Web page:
Tag Archives: #singapore

Character Interview: Meet Hollywood Actress Goldie St. Helen

 

A chat with Goldie St. Helen from Gun Kiss!

One month from today my suspense-thriller GUN KISS releases and so does the tumultuous world of Goldie St. Helen, the A-list Hollywood movie star, and co-novel character. She gets rescued by protagonist Blake Deco, a covert agent, who falls in love with her. But is it going to be a Happily Ever After story? Get a glimpse inside Goldie to understand her better as she talks to me in her Los Feliz villa about career, life, and current issues.

 

Khaled: Thanks for agreeing to do this interview.
Goldie [smiling]: My pleasure. Nice jacket, by the way. Love Mauve.

Khaled: Thanks, I bought it for this special occasion.
Goldie: I’m flattered.

Khaled: I love the house. Did you decorate the place yourself?
Goldie: Thank you. Yes, I did, with some advice from a designer, though I wish the kitchen was bigger. The only way was to cut into the back garden, which I refused.

Khaled: The kitchen looks perfect.
Goldie [laughing]: Are you kidding me? I need room for a bigger refrigerator. Hey, I host lots of parties!

Khaled: So, tell me, have you always wanted to be a movie star?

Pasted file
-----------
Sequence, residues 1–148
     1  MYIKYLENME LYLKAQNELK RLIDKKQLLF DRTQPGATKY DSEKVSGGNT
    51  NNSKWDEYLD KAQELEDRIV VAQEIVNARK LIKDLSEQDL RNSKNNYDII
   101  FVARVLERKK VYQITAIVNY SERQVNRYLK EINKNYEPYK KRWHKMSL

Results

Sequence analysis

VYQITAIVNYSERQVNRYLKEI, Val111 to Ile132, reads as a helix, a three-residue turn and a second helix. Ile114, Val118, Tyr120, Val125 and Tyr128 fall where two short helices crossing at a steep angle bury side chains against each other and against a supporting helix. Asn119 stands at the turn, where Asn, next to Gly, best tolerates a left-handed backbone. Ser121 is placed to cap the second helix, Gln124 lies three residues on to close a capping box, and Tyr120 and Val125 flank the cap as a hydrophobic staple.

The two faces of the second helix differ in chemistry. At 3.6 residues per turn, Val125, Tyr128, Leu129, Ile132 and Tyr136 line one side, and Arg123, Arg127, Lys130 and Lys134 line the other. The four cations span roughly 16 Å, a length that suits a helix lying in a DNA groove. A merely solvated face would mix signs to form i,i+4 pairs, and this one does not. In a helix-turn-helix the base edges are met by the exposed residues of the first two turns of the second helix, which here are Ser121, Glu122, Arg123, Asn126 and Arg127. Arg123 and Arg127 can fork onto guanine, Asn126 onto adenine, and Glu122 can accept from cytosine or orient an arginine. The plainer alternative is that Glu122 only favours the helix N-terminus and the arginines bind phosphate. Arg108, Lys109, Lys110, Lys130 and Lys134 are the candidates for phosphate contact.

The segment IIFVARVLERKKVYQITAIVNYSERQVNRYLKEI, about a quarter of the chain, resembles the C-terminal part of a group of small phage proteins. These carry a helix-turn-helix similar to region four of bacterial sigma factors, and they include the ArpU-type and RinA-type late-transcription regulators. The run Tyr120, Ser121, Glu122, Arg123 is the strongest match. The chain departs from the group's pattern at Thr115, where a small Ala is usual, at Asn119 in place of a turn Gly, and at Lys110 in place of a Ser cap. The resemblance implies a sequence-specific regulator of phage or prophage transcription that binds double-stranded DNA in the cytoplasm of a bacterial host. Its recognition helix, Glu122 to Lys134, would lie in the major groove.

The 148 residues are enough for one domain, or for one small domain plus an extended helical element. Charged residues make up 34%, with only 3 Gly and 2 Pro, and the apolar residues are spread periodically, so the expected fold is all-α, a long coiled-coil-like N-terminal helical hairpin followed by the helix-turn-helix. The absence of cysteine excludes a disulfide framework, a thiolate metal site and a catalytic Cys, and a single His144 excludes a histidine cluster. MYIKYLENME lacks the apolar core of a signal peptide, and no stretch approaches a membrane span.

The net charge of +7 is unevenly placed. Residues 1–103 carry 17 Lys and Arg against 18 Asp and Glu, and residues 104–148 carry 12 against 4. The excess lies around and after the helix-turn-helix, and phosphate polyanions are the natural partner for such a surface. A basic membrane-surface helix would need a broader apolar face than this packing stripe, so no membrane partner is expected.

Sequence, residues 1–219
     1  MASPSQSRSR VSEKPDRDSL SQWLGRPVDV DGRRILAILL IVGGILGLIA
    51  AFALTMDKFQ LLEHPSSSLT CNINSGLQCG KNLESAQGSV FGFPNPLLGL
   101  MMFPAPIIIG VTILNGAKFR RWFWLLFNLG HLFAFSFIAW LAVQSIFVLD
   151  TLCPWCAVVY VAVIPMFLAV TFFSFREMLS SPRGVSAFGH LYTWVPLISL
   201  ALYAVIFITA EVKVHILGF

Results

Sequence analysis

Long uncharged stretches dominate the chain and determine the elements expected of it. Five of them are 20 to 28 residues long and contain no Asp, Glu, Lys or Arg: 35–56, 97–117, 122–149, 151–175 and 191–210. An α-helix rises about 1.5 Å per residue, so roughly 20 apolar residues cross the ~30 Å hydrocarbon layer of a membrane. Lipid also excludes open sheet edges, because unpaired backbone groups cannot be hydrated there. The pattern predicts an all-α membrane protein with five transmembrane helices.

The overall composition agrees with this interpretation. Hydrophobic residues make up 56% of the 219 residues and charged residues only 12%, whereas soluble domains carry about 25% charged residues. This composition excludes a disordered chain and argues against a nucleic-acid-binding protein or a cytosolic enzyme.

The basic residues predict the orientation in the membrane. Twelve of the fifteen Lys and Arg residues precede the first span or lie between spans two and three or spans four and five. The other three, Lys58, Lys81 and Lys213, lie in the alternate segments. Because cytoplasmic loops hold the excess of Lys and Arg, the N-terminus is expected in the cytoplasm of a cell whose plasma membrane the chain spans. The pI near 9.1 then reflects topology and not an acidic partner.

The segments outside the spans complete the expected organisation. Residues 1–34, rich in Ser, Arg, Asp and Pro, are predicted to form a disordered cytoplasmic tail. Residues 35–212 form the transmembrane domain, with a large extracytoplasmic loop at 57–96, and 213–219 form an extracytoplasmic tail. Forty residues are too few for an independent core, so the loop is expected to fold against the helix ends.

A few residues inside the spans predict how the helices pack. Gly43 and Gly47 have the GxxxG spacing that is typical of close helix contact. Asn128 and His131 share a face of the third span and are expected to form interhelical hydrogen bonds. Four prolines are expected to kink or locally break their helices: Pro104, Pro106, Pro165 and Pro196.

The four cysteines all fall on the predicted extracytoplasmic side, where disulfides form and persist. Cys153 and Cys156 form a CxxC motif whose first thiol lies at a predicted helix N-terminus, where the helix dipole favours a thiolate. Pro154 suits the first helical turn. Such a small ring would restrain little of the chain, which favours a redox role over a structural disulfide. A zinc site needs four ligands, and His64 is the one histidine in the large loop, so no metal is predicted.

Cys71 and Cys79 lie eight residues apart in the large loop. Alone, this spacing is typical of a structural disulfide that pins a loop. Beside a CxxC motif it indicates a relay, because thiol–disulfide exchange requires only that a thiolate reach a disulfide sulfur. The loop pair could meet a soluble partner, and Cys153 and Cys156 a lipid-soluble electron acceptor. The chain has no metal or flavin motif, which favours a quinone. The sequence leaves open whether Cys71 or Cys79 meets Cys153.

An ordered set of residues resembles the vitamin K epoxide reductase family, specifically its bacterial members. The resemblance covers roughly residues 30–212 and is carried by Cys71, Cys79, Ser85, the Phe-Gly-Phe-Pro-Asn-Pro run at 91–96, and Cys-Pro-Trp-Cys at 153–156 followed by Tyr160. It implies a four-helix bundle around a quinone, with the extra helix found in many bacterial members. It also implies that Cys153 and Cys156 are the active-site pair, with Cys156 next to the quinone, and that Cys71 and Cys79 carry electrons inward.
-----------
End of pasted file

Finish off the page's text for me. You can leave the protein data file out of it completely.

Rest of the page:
Goldie [grinning]: I wanted to be an actress. I never thought of myself as a star. One thing led to another, so here I am today.

Khaled: Were your parents supportive of your career choice?
Goldie [smiling]: My father didn’t speak to me for six months. He wanted me to be an architect, just like him. But it’s my life. Follow your dream, right?

Khaled: So, you would’ve been an architect if you weren’t an actress?
Goldie: Hell, no. I would’ve been a botanist. I love flowers and plants. That explains the solarium at the back.

Khaled: Many have tried to break into Hollywood, but failed. What’s your secret of success?
Goldie: I joined the industry because I was passionate about acting. I wasn’t looking for fame, money, and glamor. The perks that came with being a star were bonus points. I have no expectations. I’m not afraid of competition, even from someone younger. It’s one day at a time for me. C’est la vie.

Khaled: What words of wisdom would you give aspiring actors?
Goldie: All that glitters is not gold. Be prepared to work hard. How badly do you want it? Watch every step you take. Be careful of predators.

Khaled: How do you handle sexual predators in the industry?
Goldie [smiling]: If they grab you by the pussy, kick em in the balls.

Khaled: Easier said than done. You had a tough time doing that in the book, didn’t you?
Goldie: Hey, you wrote the book! I was just doing the acting for you! If it was real life, I would’ve kicked him so hard.

Khaled: Would you do a stage play or indie movie for little or no money?
Goldie: Of course! If the script is great, yes.

Khaled: Do you ever get tired of the fame game?
Goldie: I hate the attention… but I love my fans.

Khaled: What makes you happy?
Goldie [smiling]: Myself, friends, family, and desserts.

Khaled: Is the future beautiful?
Goldie: Que Sera Sera. Maybe I’ll start a family… I still want to work. I love my job.

Khaled: Chocolate or cookie?
A: Chocolate.

Khaled: A handsome face or a good-heart?
A: A good heart.

Khaled: Love or money?
A: Love.